• Olfaction testing using the Sniffin'T test did not demonstrate hyperosmia. One subject had evidence of orthostatic hypotension.[ncbi.nlm.nih.gov]
Burning Feet
  • Diagnosing Burning Feet Most people who have burning feet have a likely cause (such as diabetes ) that can be identified. For these people, the diagnosis of burning feet due to neuropathy is straightforward, and additional testing is not needed.[webmd.com]
  • I have burning feet with intense pain. I try to walk and it is so bad can't do it. My feet will swell and turn bright red.[ourhealth.com]
  • Erythromelalgia and Burning Feet Syndrome Erythromelalgia is believed to give rise to a condition called “Burning Feet Syndrome”, that is common among individuals over 50 years of age.[hxbenefit.com]
  • Erythromelalgie / Erythromelalgia / burning feet 20 Tips for Chronic Inflammation Symptoms & Their Natural Remedy I'll set you on fire with one touch. ETS (Combine fire, glow and crack effect in Adobe Photoshop to create a realistic burning image.[pinterest.de]
Heat Intolerance
  • intolerance, and relief with cooling Course: The prognosis and course vary widely.[drpribut.com]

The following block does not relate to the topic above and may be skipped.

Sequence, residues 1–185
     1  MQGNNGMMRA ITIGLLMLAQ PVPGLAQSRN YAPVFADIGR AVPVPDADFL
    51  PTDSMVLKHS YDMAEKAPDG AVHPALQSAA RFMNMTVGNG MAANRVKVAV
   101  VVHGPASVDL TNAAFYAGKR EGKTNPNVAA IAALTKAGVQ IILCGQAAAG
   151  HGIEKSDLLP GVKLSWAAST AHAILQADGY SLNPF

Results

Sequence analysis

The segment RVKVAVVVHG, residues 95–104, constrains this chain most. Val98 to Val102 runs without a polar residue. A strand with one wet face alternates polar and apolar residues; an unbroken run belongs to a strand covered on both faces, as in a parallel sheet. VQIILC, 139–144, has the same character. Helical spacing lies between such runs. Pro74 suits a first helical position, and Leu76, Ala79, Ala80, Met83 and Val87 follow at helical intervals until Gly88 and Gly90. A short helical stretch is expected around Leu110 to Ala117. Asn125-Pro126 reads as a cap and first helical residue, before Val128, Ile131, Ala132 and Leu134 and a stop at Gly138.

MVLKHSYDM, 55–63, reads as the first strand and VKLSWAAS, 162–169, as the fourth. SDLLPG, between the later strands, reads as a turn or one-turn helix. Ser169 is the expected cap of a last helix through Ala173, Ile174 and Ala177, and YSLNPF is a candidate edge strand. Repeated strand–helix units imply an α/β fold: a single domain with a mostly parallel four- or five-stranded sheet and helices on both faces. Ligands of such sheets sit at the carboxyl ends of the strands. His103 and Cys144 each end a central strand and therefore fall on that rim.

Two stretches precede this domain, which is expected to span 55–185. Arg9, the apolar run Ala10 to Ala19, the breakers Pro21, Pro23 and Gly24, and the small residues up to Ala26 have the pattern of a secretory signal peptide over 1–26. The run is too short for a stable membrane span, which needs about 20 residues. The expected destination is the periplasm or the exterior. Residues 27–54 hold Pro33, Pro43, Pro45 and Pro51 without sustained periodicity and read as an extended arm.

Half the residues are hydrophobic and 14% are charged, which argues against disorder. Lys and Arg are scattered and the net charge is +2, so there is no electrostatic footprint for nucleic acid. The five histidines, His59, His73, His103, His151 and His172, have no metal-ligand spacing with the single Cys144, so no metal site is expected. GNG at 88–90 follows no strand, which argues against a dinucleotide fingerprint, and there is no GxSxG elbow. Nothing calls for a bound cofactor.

• The same might be true for arachnoiditis patients and could thus account for heat intolerance.[theaword.org]
  • “Hallmarks” or characteristics of erythromelalgia include triggering or worsening of symptoms with exposure to heat (heat intolerance) or exercise and relief with cooling.[rarediseases.org]
Limb Pain
  • Severe bilateral distal limb pain and vasodilation persisted despite the use of many antihyperalgesics. Pathological examination of cutaneous nerve endings revealed severe small-fiber predominant axonopathy.[ncbi.nlm.nih.gov]
  • "Inherited erythermalgia: limb pain from an S4 charge-neutral Na channelopathy". Neurology . 67 (9): 1563–7. doi : 10.1212/01.wnl.0000231514.33603.1e . PMID 16988069 . a b Sheets PL, Jackson JO, Waxman SG, Dib-Hajj SD, Cummins TR (2007).[en.wikipedia.org]